D.C. City Council member David A. Clarke (D-Ward 1), after hectic day-long negotiations with his council colleagues and with Mayor Marion Barry, last night announced that the officials were close up to a compromise on a proposed sexual assault law that would keep the age of consent for sexual relations at 16.

Under the terms of the compromise that Clarke proposed, criminal penalties could be imposed for having sex with any child -- male or female. The penalty for having sex with a child 12 years old or younger would be 20 years in prison, while the penalty would be 10 years in prison if the child was 13 up to 16.

The compromise amendment proposes that anyone under 16 years old who has sex with another person under 16 -- and if the two are within two years in age -- be subject to a criminal charge punishable by "non-incarcerative" penalties such as probation or protective supervision.

Clarke said that his proposed amendment was supported by the mayor, but that the final language had not been reviewed by his council colleagues as of early last night.

"The conversations will continue through the night," Clarke said. "We're going to consider coming to a common ground."

The flurry of negotiatins were over a Clarke-sponsored proposal that would have removed criminal penalties for sexual relations between consenting children aged 12 and older, provided one partner was not more than four years older than the other. But some D.C. residents and community and church leders vehemently protested the proposal which they contended was tantamount to a stamp of approval by the council on youthful sexual activity.

The age of consent issue is part of a sweeping reform of the sexual assault laws that was approved unanimously by Clarke's Judiciary Committee on June 3 and scheduled for full council consideration today.

Currently, sex with any female under 16 years old is considered statutory rape, even if the girl consents. Therefore, anytime two teenagers under 16 have sex, the boy is guilty of carnal knowledge, a crime punishable by up to life in prison.

The total bill undre consideration today is generally aimed at broadening criminal penalties for sexual assault and diminishing penalties for sex between consenting parties.

In addition to legalizing sexual relations between consenting children 12 and older, the bill also proposed removing penalties for sex between children undre 12, as long as the children were no more than two years apart in age.

The movement towards a compromise accelerated yesterday morning, when council member Betty Ann Kane (D-At-Large), a supporter of the original provision relating to 12-year-olds, began circulating a proposed amendment that would restore the current age of consent to 16, and would make that age apply to males as well as to females.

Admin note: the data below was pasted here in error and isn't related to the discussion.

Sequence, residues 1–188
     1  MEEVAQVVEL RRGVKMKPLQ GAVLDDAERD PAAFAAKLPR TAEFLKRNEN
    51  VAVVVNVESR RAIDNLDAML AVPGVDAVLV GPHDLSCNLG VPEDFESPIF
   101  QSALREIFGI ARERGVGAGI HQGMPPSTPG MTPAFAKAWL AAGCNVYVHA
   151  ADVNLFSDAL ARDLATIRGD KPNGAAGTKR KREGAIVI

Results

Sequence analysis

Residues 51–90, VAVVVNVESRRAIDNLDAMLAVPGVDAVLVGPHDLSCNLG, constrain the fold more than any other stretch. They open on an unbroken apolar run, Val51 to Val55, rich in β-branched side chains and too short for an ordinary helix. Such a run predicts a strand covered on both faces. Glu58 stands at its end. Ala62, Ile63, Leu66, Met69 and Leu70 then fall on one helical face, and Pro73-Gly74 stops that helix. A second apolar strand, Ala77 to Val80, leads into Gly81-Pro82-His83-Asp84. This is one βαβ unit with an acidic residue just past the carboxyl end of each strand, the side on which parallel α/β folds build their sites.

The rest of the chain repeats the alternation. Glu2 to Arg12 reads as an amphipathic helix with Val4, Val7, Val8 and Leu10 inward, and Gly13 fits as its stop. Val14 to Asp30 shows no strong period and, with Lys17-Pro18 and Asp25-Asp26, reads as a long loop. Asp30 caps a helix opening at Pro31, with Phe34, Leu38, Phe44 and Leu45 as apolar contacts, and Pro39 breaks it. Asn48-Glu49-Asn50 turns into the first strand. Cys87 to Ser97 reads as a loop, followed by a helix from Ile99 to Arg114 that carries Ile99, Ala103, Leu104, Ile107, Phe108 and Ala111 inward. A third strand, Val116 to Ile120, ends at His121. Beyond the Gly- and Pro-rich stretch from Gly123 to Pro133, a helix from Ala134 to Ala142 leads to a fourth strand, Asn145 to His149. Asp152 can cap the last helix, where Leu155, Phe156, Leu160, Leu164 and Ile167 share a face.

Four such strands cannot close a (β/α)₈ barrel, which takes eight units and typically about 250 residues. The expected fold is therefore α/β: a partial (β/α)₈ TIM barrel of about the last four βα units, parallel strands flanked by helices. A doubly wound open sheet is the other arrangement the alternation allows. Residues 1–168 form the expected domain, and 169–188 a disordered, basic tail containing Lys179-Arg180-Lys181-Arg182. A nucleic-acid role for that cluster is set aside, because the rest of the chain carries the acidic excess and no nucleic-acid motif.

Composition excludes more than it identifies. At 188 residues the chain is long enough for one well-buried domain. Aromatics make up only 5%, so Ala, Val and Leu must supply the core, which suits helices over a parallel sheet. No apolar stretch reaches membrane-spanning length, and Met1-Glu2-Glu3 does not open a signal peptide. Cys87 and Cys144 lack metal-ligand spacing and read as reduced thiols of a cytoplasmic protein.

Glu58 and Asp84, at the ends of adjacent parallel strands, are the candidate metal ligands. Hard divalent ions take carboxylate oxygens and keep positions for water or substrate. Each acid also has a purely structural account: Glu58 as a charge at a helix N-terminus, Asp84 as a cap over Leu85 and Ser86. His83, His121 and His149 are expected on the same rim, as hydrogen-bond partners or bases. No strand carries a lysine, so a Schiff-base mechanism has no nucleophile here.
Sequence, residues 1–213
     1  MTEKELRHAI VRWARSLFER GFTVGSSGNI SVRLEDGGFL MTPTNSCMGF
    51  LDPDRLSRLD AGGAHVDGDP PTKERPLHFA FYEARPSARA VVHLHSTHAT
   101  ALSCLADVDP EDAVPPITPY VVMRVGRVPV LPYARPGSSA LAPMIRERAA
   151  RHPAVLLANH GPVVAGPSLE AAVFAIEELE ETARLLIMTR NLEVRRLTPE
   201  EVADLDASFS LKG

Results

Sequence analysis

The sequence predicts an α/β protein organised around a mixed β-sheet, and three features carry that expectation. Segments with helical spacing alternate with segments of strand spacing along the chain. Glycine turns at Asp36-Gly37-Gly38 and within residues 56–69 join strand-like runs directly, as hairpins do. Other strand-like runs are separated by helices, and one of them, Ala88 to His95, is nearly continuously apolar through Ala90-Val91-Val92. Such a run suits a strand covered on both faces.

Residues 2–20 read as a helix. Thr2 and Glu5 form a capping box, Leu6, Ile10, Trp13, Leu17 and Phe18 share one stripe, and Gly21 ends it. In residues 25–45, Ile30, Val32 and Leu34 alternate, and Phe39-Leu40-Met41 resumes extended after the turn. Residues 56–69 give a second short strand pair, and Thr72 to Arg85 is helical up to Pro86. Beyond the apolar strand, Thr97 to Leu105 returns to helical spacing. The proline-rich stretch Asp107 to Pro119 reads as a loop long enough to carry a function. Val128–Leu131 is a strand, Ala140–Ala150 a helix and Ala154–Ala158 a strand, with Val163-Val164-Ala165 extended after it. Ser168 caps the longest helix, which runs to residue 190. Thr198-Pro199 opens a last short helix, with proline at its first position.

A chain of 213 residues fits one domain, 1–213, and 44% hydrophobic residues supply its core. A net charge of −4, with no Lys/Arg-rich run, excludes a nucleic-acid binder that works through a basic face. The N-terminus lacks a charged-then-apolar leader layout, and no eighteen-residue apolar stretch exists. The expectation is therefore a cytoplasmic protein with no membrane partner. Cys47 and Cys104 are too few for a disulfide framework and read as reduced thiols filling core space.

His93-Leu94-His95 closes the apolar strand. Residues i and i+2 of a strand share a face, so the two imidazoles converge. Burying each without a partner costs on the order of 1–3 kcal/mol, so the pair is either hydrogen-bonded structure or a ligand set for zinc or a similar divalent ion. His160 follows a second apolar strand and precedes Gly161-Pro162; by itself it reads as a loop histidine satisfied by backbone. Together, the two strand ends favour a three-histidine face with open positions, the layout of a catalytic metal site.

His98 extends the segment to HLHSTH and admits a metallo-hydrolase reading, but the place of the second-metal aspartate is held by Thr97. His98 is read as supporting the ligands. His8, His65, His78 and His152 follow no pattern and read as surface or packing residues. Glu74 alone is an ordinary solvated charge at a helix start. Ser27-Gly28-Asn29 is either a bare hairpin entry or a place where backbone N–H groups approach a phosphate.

Kane also proposed shortening the penalty for violating the statutory rape law, from life in prison to a maximu of 20 years.

In proposing the change, Kane said that the recent public outcry "has made it very clear that what the bill originally proposed is out of touch with the moral instincts and social desires of the community."

At noon, Council Chairman Arrington L. Dixon, an opponent of changing the current age of consent, said he would back Kane's amendment. In a press conference, Dixon said, "We do not want to send a signal to the community and to the young people that sexual activity under the age of 16 is encouraged."

Dixon, who said his office received about 50 calls from persons protesting the change in the age of consent, said, "We need to send a very hard-line signal to the young people that this is not the kind of behavior that will be sanctioned by the government."

He said that "any move to lower it [the age of consent] will be viewed as liberalization and the public doesn't want it liberalized. . . . When you start fooling around with sex and religion, you get a lot of public reaction."

Soon after Dixon's statement, Clarke said he was ready to compromise, issuing a press release stating that because of "the confusion over the matter" he was ready to introduce amendments to keep sexual activity with and between juveniles illegal.

Clarke said in the press release that the part of his sexual assault bill that would effectively nullify the statutory rape law "has been made to appear an attempt to license sexual acts by the young people of the city."

"We're all trying to find a way to assure the public that we are discouraging teen-age sexual activity," Clarke said last night as he announced his latest compromise proposal. He added, "We're trying to find a way to ensure that juvenile sexual conduct with each other is unlawful . . . but that they not be subject to incarceration."

If the sexual assault law is approved today, it will come up for a second final council vote on July 14.